Review: The URSA Mini Pro 4.6K G2 is the latest in Blackmagic Design's successful and popular URSA series. If there was one model in Blackmagic's catalogue that shows just how far it has come on with mature camera design, the URSA is it. Does the latest generation of the camera hit the mark?
First released as, shall we say, a rather big and heavy camera, Blackmagic quickly released a 'Mini' variation of the URSA. Not surprisingly the first URSA was dropped eventually and the URSA Mini became the flagship in the company's camera range. Consider this for a moment. The first URSA was released in 2014. It seems like an age ago, but that was only 5 years ago. Fast forward to today and the Ursa Mini is now available in Broadcast form with a B4 mount, and now in what Blackmagic calls the "G2" variation.
The $5995 URSA Mini Pro 4.6K G2 continues the trend for having a name in all caps (a note to company reps reading this, can we please stop this habit?), and from the outside at least it looks like the previous version of the Ursa Mini Pro. But looks are deceiving, which I'll come to in a moment. We presume the G2 monicker is a reference to being a second generation camera, even though it is really a third, or maybe even fourth if we compare it to the very first URSA.
It has the same solid metal body construction, the same gorgeous angular shaping, and it still feels as if its construction quality would give a Challenger tank a run for its money.
The review version of the camera came complete with the shoulder mount kit, which includes an adjustable shoulder pad with a built in VCT-14 tripod plate wedge, and a top handle with the URSA Mini OLED viewfinder. This is adjustable fore and aft by loosening off a thumb screw so you can get the perfect shoulder balance and viewfinder position.
The very solidly built URSA Mini OLED Viewfinder.
The viewfinder has three buttons on it to toggle peaking, display overlays, and focus assist zoom. The camera is equipped with an ENG style ND filter wheel that goes up in 2 stop increments with a maximum of 6-stops.
The front of the body is home to user assignable buttons, which by default toggle false colour and the display LUT. A HFR button features for switching the camera instantly into slow motion mode. Above these are ENG style switches that control ISO/gain, shutter, and white balance. All of these functions can be controlled directly from the large flip out LCD display, but clearly while mounted on your shoulder you will be using the physical controls instead.
Above this is a menu control wheel and also a multi-function wheel, which can be used to control iris on electronic lenses or audio monitoring volume.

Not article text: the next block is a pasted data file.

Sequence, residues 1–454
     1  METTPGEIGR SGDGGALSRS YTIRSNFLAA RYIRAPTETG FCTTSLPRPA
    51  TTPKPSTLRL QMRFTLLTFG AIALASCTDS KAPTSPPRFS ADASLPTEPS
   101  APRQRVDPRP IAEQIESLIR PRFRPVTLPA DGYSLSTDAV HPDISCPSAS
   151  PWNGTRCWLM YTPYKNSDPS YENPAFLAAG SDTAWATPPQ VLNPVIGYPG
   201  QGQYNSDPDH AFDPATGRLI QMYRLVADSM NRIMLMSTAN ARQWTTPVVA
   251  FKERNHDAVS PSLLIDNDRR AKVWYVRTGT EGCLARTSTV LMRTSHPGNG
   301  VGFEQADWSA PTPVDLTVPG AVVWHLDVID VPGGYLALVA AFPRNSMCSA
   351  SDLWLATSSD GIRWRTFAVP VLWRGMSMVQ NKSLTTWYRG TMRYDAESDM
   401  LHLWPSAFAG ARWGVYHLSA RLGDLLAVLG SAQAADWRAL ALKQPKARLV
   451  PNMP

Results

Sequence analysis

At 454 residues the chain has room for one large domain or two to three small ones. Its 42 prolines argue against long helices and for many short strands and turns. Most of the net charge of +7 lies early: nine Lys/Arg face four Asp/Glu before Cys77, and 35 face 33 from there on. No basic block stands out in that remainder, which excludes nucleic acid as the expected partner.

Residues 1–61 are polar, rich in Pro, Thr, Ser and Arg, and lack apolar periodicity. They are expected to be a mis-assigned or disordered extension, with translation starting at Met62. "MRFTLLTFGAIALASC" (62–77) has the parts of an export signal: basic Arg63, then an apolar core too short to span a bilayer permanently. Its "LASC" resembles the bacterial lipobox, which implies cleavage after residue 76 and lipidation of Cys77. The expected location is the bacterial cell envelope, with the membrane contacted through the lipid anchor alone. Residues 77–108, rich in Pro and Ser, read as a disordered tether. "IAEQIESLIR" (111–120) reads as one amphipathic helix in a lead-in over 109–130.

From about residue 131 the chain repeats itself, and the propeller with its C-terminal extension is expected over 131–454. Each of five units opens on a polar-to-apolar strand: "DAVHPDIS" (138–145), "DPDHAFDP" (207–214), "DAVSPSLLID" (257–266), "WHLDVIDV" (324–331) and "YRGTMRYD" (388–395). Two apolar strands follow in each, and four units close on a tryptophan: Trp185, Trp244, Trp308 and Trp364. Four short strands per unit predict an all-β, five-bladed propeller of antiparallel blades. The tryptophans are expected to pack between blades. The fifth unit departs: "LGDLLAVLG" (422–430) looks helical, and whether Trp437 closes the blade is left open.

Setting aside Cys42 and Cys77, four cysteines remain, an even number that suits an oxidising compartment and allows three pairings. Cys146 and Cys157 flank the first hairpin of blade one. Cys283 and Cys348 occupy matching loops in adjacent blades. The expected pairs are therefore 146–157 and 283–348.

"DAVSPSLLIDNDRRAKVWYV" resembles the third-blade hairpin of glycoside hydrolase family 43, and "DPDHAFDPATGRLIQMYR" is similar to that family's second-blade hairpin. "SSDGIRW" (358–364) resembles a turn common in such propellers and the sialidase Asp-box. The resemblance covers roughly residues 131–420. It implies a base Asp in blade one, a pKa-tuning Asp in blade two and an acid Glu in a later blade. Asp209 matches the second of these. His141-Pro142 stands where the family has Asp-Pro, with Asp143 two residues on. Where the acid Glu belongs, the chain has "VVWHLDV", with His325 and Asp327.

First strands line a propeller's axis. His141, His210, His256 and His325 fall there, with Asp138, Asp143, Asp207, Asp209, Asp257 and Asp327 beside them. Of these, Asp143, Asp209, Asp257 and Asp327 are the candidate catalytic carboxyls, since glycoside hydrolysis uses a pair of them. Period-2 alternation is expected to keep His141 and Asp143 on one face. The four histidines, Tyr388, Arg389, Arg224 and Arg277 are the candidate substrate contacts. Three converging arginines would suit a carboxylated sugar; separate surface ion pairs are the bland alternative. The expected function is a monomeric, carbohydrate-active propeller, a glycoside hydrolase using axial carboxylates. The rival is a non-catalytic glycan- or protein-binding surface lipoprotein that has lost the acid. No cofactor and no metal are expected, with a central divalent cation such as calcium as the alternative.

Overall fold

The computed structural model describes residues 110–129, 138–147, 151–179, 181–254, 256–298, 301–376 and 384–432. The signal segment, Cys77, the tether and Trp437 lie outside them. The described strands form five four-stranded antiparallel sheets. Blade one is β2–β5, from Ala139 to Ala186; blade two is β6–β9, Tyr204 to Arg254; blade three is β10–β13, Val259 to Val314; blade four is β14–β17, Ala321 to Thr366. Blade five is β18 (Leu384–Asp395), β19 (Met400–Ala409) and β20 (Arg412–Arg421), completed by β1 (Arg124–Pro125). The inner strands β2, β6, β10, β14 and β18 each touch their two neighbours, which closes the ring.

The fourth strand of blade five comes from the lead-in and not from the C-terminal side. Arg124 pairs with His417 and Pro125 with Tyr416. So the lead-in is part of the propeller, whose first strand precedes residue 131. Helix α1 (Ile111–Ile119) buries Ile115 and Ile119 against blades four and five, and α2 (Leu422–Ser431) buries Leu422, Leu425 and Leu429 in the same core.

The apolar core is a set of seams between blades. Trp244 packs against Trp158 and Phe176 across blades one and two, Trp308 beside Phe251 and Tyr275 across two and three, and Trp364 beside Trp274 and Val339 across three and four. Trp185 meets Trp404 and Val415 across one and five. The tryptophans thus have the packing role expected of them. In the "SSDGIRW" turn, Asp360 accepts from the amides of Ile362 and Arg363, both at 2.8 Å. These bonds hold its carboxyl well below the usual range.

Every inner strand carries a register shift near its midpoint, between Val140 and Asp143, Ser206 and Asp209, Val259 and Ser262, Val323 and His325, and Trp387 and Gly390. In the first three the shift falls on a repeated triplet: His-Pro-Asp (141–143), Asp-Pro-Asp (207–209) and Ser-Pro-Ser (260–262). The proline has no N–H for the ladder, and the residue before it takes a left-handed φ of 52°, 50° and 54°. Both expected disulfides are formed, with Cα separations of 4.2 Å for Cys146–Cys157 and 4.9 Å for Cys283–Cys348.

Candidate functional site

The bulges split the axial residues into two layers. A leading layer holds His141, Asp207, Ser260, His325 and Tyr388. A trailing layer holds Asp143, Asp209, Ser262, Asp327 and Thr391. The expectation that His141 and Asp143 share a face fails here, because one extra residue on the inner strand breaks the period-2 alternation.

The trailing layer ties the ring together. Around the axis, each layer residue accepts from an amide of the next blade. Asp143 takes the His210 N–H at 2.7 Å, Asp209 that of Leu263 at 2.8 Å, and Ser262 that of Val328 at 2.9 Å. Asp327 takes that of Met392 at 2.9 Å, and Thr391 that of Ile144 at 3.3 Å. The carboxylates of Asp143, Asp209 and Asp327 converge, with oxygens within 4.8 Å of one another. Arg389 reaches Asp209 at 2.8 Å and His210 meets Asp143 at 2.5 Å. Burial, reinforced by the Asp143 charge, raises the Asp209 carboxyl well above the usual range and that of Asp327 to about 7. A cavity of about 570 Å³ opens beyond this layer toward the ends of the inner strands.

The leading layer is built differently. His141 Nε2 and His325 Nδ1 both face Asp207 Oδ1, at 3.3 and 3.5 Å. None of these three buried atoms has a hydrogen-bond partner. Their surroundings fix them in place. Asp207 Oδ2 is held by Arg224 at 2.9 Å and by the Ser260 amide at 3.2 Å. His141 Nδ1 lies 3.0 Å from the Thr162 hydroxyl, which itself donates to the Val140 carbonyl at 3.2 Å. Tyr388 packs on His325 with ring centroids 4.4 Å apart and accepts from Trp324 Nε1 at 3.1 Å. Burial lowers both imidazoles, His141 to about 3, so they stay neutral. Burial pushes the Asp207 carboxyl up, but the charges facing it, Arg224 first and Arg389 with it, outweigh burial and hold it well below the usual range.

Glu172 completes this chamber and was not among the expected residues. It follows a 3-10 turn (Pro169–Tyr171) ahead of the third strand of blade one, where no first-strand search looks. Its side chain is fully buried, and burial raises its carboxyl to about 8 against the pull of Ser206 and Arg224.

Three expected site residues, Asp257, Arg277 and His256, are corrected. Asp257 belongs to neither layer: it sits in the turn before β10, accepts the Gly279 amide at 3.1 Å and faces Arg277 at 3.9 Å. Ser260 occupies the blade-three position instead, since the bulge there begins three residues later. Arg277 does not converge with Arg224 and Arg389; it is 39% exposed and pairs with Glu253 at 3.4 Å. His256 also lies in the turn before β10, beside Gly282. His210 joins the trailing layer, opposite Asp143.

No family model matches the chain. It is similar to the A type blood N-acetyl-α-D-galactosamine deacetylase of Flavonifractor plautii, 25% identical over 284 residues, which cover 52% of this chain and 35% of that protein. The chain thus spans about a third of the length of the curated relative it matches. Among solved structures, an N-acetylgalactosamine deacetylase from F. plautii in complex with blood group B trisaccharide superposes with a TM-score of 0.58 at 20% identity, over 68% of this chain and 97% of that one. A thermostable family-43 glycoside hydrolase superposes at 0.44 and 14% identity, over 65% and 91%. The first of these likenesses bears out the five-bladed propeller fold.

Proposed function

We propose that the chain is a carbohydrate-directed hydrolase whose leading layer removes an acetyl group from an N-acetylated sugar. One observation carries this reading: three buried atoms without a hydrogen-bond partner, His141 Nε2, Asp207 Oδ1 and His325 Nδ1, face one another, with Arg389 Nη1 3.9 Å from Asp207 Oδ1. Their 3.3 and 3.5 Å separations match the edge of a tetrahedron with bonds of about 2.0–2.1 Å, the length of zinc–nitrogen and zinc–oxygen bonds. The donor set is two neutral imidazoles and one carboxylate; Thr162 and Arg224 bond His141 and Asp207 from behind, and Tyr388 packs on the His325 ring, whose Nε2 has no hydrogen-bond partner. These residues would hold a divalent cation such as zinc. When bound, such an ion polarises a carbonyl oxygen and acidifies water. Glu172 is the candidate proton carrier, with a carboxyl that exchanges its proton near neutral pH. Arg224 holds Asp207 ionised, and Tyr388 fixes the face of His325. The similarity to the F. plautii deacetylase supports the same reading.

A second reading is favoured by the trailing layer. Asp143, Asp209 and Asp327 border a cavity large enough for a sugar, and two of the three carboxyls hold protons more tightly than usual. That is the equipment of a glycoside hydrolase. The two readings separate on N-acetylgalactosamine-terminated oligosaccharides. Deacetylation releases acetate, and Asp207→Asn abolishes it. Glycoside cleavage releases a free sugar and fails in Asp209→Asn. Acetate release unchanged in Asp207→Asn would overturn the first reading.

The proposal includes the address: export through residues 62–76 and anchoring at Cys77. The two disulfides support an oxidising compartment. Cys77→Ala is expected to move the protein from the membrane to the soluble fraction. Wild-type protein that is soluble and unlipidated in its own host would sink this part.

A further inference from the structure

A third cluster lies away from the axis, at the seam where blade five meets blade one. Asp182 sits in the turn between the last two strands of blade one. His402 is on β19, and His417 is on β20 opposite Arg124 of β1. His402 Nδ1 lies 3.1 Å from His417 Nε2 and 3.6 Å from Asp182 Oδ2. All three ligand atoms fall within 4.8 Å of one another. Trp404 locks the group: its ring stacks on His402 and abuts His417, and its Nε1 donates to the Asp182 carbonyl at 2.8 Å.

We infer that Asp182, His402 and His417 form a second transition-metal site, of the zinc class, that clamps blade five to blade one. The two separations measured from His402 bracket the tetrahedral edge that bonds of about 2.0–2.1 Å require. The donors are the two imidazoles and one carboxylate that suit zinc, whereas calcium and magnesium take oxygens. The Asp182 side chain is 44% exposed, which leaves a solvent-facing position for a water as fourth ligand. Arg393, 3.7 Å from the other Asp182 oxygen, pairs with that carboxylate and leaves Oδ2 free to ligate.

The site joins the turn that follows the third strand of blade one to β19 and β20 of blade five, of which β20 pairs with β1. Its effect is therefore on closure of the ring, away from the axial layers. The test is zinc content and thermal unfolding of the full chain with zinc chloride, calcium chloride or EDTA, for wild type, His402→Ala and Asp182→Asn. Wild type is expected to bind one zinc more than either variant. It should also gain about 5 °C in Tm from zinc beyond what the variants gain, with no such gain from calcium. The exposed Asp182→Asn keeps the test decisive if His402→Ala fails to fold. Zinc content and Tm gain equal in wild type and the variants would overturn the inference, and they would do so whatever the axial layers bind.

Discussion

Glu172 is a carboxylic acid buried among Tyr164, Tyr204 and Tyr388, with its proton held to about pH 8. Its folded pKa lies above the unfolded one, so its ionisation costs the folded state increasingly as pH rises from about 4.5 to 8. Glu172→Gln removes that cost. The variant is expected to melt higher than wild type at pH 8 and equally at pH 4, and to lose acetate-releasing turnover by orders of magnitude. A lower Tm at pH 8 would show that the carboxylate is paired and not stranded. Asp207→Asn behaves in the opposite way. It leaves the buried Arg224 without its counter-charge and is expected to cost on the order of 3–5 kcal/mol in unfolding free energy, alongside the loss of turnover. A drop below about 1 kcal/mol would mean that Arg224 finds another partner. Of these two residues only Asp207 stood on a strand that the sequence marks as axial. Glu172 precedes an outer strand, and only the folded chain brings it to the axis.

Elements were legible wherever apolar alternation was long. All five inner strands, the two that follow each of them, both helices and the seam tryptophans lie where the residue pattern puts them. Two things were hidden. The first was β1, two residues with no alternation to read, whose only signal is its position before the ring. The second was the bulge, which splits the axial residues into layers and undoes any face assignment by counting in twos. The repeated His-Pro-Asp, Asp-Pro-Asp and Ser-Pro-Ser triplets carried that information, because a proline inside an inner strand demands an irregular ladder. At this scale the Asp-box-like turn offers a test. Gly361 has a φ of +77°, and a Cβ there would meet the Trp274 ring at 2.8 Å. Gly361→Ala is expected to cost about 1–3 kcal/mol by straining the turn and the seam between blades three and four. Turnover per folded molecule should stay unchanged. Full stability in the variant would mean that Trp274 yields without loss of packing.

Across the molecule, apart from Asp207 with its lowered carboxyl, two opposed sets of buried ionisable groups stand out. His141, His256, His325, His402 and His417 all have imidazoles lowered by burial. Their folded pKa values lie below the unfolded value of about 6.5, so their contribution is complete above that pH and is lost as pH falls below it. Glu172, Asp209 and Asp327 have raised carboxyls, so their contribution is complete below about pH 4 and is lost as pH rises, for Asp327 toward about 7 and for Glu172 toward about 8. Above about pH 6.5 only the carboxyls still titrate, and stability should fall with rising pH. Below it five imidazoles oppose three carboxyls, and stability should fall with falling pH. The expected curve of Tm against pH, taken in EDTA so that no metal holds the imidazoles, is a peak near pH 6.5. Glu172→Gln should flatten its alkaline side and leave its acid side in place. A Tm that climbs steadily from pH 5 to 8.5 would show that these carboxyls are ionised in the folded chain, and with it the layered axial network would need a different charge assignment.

A close up of the front of body controls. The HFR button allows you to quickly enter slow motion mode in an instant.
Twin XLR audio in sockets are situated on the top rear of the camera. This isn't quite as convenient as having them on the back, but they are at least very easy to access, and are protected by a rubber dust cover when not in use.
The rear right side of the body is home to Lanc in, SDI in/out and ref/TC in BNC ports. Below this is a 4-pin XLR socket for 12v power in. The front right is also where you'll find 12v XLR out and another SDI out socket for powering the viewfinder or other device. Importantly there is a lens interface for when you might be using B4 lenses.
I've left the large LCD display until last. This is the heart of the device. Behind it are two CFAST 2.0 and two SD card slots. It is here where one of the external differences between the G2 and the previous version of the camera comes into play with the discrete USB-C socket, which can be used to hook up an SSD drive for recording to.
The usual mic selection switches are also here, allowing a choice of mic, line, and AES input types as well as a 48v phantom power selector. Menu and playback controls, focus zoom, and peaking feature, too.
On the rear of the screen there are volume control dials for audio levels and a standard LCD display showing timecode, frame rate, shutter speed, white balance etc. It's a very well laid out informational display and essential for when the LCD is folded against the body.
Behind the LCD you'll find storage slots, playback and menu controls, and the all important audio settings switches.
On the front of the LCD is... Another LCD. Perfectly daylight viewable and with all the important information you need at a glance.
Much of what I've describe above will be familiar to existing URSA Mini Pro owners. So what's actually different in the G2?
For a start the internal electronics have been redesigned. There's a new 4.6K S35 sensor capable of 15 stops of DR. The G2 can go to a maximum of ISO3200, so it isn't a low light monster, and it doesn't have the dual native ISO functionality of the BMPCC 4K.